As with Adventure, INFPs are not consistent in their preference or dislike for Leadership.
People with strong interests in Leadership fit well in careers that enable them to influence, persuade, and motivate other people. Examples include sales and marketing directors, politicians and political organizers, and executives.
INFPs’ strongest career disinterest is in Organization, and they are likely to be dissatisfied with careers that primarily center on organization, details, or have strict rules and regulations about how things should get done.
People with strong interests in Organization prefer careers that involve categorizing, planning, and systematizing information and processes. Examples include financial officers, budget analysts, office managers, database analysts, and systems administrators.
INFP career matches and INFP jobs
Examples of careers that fit with INFPs’ blend of creative and altruistic interests include:
- Graphic, Commercial, and/or Industrial Designer
- Landscape Architect
- Architectural Drafter
- Museum Conservator
- Set Designer
- Art Therapist
- Music Therapist
- Interpreter or Translator
A variety of paths in the teaching, counseling, and scholarly professions may also satisfy INFPs intellectual and altruistic goals, including roles such as:
- Teachers, varied, including:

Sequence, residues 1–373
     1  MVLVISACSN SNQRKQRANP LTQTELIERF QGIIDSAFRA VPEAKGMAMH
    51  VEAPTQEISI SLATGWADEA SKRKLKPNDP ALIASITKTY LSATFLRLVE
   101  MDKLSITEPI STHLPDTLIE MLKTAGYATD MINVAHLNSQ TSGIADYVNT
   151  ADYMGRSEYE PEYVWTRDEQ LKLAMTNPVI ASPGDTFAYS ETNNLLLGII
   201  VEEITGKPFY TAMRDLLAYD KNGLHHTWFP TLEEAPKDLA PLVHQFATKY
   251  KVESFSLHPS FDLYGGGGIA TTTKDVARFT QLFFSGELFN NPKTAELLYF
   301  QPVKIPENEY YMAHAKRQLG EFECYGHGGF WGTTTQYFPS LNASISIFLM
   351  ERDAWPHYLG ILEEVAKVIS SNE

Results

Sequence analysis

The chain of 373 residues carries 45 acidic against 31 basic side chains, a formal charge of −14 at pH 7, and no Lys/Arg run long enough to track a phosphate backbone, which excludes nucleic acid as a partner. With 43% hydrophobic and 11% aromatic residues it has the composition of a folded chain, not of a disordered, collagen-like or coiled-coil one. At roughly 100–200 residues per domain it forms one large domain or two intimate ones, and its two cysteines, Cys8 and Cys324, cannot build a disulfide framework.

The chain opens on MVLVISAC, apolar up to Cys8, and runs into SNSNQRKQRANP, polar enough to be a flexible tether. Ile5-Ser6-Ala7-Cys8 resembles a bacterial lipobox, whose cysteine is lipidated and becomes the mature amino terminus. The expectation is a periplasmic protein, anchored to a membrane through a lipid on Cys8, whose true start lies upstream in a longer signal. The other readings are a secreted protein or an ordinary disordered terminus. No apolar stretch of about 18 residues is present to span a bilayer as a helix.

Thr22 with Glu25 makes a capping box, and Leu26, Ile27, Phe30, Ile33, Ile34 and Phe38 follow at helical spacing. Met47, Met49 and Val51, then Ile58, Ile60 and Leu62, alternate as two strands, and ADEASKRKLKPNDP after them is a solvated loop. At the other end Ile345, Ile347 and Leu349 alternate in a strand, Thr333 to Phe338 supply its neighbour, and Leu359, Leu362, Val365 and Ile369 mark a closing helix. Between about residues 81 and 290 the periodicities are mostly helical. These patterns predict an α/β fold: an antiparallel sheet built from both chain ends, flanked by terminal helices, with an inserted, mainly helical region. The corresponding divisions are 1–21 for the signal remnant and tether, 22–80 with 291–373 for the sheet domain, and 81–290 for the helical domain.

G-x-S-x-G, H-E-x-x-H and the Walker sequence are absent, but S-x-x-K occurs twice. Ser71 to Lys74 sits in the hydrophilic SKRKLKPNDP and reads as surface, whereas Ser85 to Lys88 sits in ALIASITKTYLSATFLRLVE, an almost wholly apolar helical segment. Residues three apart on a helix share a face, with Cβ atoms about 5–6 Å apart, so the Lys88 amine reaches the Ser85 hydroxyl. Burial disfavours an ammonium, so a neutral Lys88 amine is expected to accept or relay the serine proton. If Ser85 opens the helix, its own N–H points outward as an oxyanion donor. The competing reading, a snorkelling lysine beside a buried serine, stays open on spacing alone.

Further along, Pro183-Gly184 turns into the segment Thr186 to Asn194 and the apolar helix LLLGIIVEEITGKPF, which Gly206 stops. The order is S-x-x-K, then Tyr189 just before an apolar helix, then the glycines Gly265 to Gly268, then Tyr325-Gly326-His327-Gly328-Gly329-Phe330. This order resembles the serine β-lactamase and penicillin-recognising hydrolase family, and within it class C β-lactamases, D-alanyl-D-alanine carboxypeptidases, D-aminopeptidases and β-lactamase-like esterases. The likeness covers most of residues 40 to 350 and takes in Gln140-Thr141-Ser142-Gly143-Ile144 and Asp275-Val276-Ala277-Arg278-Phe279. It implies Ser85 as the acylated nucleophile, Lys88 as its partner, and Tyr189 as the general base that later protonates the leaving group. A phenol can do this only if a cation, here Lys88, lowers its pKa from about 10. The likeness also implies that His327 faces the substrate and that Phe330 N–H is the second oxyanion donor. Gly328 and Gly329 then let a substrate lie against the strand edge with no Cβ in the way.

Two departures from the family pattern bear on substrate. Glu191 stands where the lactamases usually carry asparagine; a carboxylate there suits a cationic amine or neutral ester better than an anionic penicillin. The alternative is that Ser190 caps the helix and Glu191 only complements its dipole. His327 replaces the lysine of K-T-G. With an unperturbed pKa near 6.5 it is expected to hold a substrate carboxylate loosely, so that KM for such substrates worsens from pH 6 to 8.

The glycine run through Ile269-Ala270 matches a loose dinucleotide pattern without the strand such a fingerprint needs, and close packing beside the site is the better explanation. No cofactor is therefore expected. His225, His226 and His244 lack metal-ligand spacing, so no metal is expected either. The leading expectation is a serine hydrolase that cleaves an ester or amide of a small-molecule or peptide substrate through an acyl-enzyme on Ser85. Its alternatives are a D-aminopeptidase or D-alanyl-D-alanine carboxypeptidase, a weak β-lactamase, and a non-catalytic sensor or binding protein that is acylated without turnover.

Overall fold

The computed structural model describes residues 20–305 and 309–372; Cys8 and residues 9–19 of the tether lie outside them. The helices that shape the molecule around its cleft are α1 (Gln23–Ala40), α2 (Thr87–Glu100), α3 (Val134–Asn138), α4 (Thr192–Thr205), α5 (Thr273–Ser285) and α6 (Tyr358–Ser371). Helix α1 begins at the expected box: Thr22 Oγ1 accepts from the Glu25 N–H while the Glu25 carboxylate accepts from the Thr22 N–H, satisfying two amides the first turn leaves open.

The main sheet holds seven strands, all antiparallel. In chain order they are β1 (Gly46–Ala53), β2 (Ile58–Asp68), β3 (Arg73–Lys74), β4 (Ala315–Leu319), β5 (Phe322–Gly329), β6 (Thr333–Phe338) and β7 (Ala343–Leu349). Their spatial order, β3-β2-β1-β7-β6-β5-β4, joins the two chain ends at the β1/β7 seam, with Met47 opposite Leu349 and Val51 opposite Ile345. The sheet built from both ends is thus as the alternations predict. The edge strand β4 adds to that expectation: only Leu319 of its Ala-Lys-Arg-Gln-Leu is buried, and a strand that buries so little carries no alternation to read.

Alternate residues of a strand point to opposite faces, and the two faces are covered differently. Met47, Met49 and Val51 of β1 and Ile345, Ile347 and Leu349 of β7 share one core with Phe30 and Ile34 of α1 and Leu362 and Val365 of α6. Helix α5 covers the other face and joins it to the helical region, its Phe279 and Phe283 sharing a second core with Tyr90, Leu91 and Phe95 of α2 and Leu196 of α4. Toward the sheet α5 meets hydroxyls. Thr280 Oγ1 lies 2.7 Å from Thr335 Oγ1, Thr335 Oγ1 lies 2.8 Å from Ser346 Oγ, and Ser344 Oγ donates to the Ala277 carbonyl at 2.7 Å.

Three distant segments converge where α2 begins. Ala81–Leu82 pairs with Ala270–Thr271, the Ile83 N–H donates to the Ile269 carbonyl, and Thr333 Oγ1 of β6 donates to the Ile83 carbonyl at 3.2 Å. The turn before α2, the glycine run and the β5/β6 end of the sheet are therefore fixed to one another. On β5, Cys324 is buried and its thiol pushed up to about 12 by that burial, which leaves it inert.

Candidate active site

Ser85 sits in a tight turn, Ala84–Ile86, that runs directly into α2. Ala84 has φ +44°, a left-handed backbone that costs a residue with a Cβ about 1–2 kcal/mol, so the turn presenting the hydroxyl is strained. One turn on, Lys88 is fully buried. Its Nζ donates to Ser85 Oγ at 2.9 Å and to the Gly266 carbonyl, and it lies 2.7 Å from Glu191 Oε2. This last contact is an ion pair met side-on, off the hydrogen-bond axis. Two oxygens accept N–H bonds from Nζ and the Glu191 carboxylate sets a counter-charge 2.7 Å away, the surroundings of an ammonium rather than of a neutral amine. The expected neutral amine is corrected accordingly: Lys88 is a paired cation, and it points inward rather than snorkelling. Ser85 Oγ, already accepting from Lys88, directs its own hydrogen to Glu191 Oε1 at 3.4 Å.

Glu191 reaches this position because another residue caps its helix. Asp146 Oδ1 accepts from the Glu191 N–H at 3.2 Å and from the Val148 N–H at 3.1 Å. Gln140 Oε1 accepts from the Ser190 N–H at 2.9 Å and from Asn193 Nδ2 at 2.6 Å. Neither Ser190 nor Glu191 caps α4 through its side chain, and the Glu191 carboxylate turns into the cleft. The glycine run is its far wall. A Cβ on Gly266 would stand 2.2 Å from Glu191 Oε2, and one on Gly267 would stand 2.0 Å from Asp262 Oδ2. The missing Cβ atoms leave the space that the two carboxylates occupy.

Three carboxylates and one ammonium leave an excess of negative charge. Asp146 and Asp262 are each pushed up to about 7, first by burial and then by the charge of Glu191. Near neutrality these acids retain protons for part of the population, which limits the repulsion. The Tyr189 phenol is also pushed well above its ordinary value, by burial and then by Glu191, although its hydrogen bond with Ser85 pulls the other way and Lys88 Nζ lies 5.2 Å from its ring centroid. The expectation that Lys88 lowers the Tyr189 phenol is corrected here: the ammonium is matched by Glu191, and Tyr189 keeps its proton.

- Kindergarten Teacher
- Middle School Teacher
- Special Education Teacher
- Secondary School Teacher
- History Teacher
- Art, Drama, and/or Music Teacher
- Language and Literature Teacher
- Philosophy and Religion Teacher
- Counseling Psychologist
- Clinical Psychologist
- Mental Health Counselor
- Substance Abuse Counselor
- Behavior Abuse Counselor
- Genetic Counselor
- Speech-Language Pathologist
Careers to avoid for the INFP
INFPs may feel out of place in careers with a heavy priority on organization and those with highly conventional rules and regulations. Examples of careers INFPs might avoid include:
- Management Analyst
- Compliance Manager
- Education Administrator
- Medical and Health Services Manager
- Investment Fund Manager
- Risk Management Specialist
- Survey Researcher
- Operations Research Analyst
- Database Administrator
- Web Administrator
- Tax Preparer
- Judicial Law Clerk
INFPs stand out by their combination of introversion, openness, and spontaneity and free-spirited nature. Of all of the IN** types, which tend to be more withdrawn and reflective, the INFP is the least systematic and most unpredictable.
However, as a group, INFPs have tremendous diversity in their interpersonal warmth and emotional temperament. Simply knowing that you are an INFPs tells you very little about these areas. To gain more insight into these areas, go beyond your personality type and try the free personality test to discover your Big Five dimensions, words that describe you, similarity to other personality types, and more.
Header photo by JoelValve on Unsplash